Now let's just take a look at the drum part as well. We've already got the Drum Limiter Compressor preset set here. (Music playing) So that's a preset I got from within the Compressor preset list, Drum Limiter. And that's a preset that actually maximizes the sound of the drums and doesn't allow them to peak out, so it might help us with getting a nice loud drum sound but keeping some of the clipping at bay.

(Music playing) All right, great! Finally, let's listen to the piano part. See what the Compressor is set to here. When we are working on our piano sound before, we set up a little bit of compression and in this one we mixed our own settings so we're not actually using one of the presets.

But I could just go ahead and choose one if I wanted to. There are some piano sounds that sound pretty good, Smooth and Piano Upfront. I'm going to go ahead and save the one that I previously saved here and switch to some of these other ones real quick, just to hear some of the presets. We'll loop the section with the Cycle region. (Music playing) That really smoothed it a lot. Too smooth. (Music playing) I made it jump a bit. Sounds pretty good.

Let's compare it to the one I made. (Music playing) I think the one I made up is a little bit stronger, sort of -- (Music playing) All right! That sounds pretty good. Again, I need to listen to it in the context of the whole mix to really know if it sounds good. I'm going to mute the vocal for a moment and just play the band back for the chorus.

(Music playing) All right! That sounds good. So I'm going to go ahead and tweak the compression to the rest of the tracks and you can open up the 09_05 exercise file for the next movie as we get into adding reverb and echo effects and see how your compression settings match with mine.

Neither are right or wrong, but it's always interesting to see what one person would do versus what someone else decides to do with compression and EQ both.

There are currently no FAQs about GarageBand '11 Essential Training.

Share a link to this course

What are exercise files?

Exercise files are the same files the author uses in the course. Save time by downloading the author's files instead of setting up your own files, and learn by following along with the instructor.

Can I take this course without the exercise files?

Yes! If you decide you would like the exercise files later, you can upgrade to a premium account any time.

Become a member Download sample files See plans and pricing

Please wait... please wait ...
Upgrade to get access to exercise files.

Exercise files video

How to use exercise files.

Learn by watching, listening, and doing, Exercise files are the same files the author uses in the course, so you can download them and follow along Premium memberships include access to all exercise files in the library.

Exercise files

Exercise files video

How to use exercise files.

For additional information on downloading and using exercise files, watch our instructional video or read the instructions in the FAQ .

This course includes free exercise files, so you can practice while you watch the course. To access all the exercise files in our library, become a Premium Member.

* Estimated file size

Are you sure you want to mark all the videos in this course as unwatched?

This will not affect your course history, your reports, or your certificates of completion for this course.

Mark all as unwatched Cancel


You have completed GarageBand '11 Essential Training.

Return to your organization's learning portal to continue training, or close this page.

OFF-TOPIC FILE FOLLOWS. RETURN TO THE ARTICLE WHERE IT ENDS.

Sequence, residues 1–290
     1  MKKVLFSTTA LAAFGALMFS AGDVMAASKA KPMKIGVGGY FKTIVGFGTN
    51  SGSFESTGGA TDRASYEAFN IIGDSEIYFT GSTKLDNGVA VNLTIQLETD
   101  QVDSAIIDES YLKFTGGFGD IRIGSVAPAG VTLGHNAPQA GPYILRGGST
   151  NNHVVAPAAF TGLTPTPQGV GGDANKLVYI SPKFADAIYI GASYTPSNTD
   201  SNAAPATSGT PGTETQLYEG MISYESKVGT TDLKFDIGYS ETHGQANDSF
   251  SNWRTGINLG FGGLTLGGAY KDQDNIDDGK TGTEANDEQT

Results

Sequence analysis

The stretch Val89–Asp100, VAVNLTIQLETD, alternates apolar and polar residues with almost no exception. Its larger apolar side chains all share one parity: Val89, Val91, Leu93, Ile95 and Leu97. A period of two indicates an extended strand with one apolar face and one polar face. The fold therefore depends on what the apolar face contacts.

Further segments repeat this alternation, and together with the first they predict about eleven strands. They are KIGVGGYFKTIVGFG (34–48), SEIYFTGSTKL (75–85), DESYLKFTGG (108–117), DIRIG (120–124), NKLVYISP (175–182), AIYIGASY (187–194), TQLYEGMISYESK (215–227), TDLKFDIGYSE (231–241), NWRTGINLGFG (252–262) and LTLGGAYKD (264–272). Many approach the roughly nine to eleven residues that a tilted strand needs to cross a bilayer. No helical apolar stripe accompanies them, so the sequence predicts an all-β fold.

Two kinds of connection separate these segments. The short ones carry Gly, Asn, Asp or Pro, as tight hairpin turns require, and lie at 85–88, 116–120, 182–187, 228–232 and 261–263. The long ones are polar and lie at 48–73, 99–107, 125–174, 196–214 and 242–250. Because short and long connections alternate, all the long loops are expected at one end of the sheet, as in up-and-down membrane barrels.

Become a member to add this course to a playlist

Join today and get unlimited access to the entire library of video courses—and create as many playlists as you like.

Get started

Already a member ?

Exercise files

Learn by watching, listening, and doing! Exercise files are the same files the author uses in the course, so you can download them and follow along. Exercise files are available with all Premium memberships. Learn more

Get started

Already a Premium member?

Exercise files video

How to use exercise files.

Ask a question

Thanks for contacting us.
You’ll hear from our Customer Service team within 24 hours.

Please enter the text shown below:

The classic layout automatically defaults to the latest Flash Player.

To choose a different player, hold the cursor over your name at the top right of any page and choose Site preferences from the dropdown menu.

Continue to classic layout Stay on new layout
Exercise files

Access exercise files from a button right under the course name.

Mark videos as unwatched

Remove icons showing you already watched videos if you want to start over.

Control your viewing experience

Make the video wide, narrow, full-screen, or pop the player out of the page into its own window.

Interactive transcripts

Click on text in the transcript to jump to that spot in the video. As the video plays, the relevant spot in the transcript will be highlighted.

Learn more, save more. Upgrade today!

Get our Annual Premium Membership at our best savings yet.

Upgrade to our Annual Premium Membership today and get even more value from your subscription:

“In a way, I feel like you are rooting for me. Like you are really invested in my experience, and want me to get as much out of these courses as possible this is the best place to start on your journey to learning new material.”— Nadine H.

Thanks for signing up.

We’ll send you a confirmation email shortly.

Sign up and receive emails about and our online training library:

Here’s our privacy policy with more details about how we handle your information.

Keep up with news, tips, and latest courses with emails from

Sign up and receive emails about and our online training library:

Here’s our privacy policy with more details about how we handle your information.

submit Lightbox submit clicked
Terms and conditions of use

We've updated our terms and conditions (now called terms of service).Go
Review and accept our updated terms of service.